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Lessons on Whales and Dolphins

Anare Ravula
Sunday, January 13, 2013

DID you know that whales and dolphins float on water while sleeping?

Ask expert, Doctor Cara Mitchell Miller, a representative of the Whale and Dolphins Conservation Society International based at the University of the South Pacific at the Laucala campus in Suva.

She said a whale's brain has the ability to switch to sleep mode half the time, while the other half remains alert as they stay afloat.

"To make sure that whales perform the basic functions to breathe, only one half of their brain will sleep at a time.

"The other half stays awake in case of approaching fishing vessel or ships," Dr. Cara explained.

This is the only way that they are able to get the amount of rest they need and still take care of this function that is necessary for their bodies to survive.

School children on Totoya island were fortunate to an expert like Dr. Cara visit and educate them on facts about dolphins and whales.

This was made possible when she made a trip to the island to try and salvage the trapped whale on a lagoon situated at the bottom of Totoya bay.

This did not only provide valuable information to the school children of Dravuwalu, Ketei and Tovu, but to the teachers and some villagers as a whole.

"Whales are one of the most amazing creatures that live in our planet and they inhabit all oceans of the world," she said.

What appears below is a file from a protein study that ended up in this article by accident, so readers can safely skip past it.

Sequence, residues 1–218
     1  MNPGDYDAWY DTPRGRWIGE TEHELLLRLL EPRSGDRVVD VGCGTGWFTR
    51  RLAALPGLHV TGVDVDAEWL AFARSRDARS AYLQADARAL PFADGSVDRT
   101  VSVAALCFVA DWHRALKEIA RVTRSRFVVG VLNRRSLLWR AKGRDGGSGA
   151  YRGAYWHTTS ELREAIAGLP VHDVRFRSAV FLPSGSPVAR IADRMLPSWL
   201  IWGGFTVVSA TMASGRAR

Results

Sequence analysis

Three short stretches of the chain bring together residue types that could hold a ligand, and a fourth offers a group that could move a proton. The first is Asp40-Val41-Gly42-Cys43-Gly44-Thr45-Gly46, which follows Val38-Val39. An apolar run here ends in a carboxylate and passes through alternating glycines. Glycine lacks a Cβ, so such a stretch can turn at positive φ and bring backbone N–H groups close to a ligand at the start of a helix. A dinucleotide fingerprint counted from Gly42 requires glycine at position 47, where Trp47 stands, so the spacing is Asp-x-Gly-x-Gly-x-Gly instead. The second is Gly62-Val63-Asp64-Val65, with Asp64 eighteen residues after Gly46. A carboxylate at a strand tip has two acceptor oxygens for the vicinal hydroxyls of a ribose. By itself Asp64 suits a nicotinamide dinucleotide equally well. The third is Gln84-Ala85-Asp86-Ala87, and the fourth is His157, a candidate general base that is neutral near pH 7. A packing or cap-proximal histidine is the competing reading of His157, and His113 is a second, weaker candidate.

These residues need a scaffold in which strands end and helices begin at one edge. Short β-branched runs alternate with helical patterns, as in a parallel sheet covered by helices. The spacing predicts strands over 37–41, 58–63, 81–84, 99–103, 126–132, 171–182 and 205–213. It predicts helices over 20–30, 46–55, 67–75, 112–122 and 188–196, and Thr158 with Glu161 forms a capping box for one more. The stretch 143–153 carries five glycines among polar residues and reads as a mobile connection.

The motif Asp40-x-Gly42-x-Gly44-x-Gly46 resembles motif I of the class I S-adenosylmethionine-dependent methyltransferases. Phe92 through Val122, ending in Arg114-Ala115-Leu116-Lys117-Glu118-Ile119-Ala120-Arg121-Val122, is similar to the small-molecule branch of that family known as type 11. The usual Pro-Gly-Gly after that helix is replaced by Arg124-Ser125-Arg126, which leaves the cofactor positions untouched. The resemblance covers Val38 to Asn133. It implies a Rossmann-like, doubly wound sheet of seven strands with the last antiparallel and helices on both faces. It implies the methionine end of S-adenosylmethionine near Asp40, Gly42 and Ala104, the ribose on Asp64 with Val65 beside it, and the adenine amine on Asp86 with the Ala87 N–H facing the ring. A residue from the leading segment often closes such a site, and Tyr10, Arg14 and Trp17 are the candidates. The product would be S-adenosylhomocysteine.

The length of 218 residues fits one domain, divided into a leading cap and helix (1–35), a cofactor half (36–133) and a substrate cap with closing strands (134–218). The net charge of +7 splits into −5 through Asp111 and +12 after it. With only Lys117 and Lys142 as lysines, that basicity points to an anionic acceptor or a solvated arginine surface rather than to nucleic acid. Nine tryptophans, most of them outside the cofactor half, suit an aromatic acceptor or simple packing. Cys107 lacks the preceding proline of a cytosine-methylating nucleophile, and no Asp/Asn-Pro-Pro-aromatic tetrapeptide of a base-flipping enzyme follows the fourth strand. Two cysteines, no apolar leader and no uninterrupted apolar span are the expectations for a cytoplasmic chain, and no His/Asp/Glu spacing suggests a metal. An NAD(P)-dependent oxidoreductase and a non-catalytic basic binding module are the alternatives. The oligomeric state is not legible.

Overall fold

The children were showed posters with picture facts of cetaceans, their behaivours, habits and threats, standings awareness and species identifications.

It is said that whales belong to the order cetacea, which means that they are mammals fully adapted to aquatic life.

Like all cetaceans, including dolphins and porpoises, whales are descendants of land-living animals which returned to water after living millions of years on land.

Most whales can grow to be extremely large. In fact, the Blue Whale is considered to be the largest animal in the world.

"I noticed that most of you had gone out to the lagoon to have a closer look at the trapped humpback whale," she told them.

Dr. Cara said that whales depend entirely on their flippers and dorsal fins to help them move in the water and to stay balanced.

Whales also sing.

"Whales in Fij sing a different type of song from whales in Tonga or other parts of the pacific," the expert revealed.

She also said that a typical whale song can last up to 30 minutes.

According to a theory developed in the University of New York, whales can locate other whales by analyzing the distortion of the song through water.

Whale singing is usually related to blue whales and humpback whales, because while other toothed whales produce some vocalizations they do not sing as the baleen whales mentioned above do.

Whale Species

Blue Whale

Gray Whale

Bowhead Whale

Fin Whale

Humpback Whale

Minke Whale

Narwhal Whale

Pilot Whale

Right Whale

Sperm Whale

Beluga Whale

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